Exaggerated risk of transmission of COVID-19 by fomites - The Lancet Infectious Diseases
A clinically significant risk of severe acute respiratory syndrome coronavirus 2 (SARS-CoV-2) transmission by fomites (inanimate surfaces or objects) has been assumed on the basis of studies that have little resemblance to real-life scenarios.
The longest survival (6 days) of severe acute respiratory syndrome coronavirus (SARS-CoV) on surfaces was done by placing a very large initial virus titre sample (107 infectious virus particles) on the surface being tested.1
Another study that claimed survival of 4 days used a similarly large sample (106 infectious virus particles) on the surface.2
A report by van Doremalen and colleagues found survival of both SARS-CoV and SARS-CoV-2 of up to 2 days (on surfaces) and 3 days (in aerosols generated in the laboratory), but again with a large inoculum (105–107 infectious virus particles per mL in aerosols, 104 infectious virus particles on surfaces).3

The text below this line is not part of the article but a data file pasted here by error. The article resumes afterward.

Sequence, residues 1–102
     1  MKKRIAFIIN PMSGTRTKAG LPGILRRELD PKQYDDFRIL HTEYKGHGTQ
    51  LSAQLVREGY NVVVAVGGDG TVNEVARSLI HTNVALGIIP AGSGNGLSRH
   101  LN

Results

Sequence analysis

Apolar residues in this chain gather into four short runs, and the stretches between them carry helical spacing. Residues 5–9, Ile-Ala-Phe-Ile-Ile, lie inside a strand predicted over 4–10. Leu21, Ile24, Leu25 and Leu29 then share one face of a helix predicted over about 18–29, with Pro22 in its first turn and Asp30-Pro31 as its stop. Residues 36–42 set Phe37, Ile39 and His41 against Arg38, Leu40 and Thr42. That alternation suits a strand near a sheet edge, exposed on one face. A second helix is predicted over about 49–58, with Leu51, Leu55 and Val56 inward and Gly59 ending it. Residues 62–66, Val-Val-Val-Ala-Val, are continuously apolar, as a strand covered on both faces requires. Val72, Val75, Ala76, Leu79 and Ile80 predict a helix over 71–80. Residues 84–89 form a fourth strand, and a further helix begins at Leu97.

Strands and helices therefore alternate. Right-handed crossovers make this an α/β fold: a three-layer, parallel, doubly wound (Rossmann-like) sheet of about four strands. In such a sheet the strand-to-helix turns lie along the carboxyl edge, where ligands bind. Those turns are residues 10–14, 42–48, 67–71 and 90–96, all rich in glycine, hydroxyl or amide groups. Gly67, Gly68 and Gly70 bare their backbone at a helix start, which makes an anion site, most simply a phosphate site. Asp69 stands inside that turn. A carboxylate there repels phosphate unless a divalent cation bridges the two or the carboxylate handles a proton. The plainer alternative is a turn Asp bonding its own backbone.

Yet another study found long survival (5 days) of human coronavirus 229E on surfaces with what I would still consider a substantially large viral load (103 plaque-forming units) in a cell lysate.4
However, using a cell lysate rather than purified or semipurified virus might enable initial viral proliferation or protection from the effects of the sample drying out.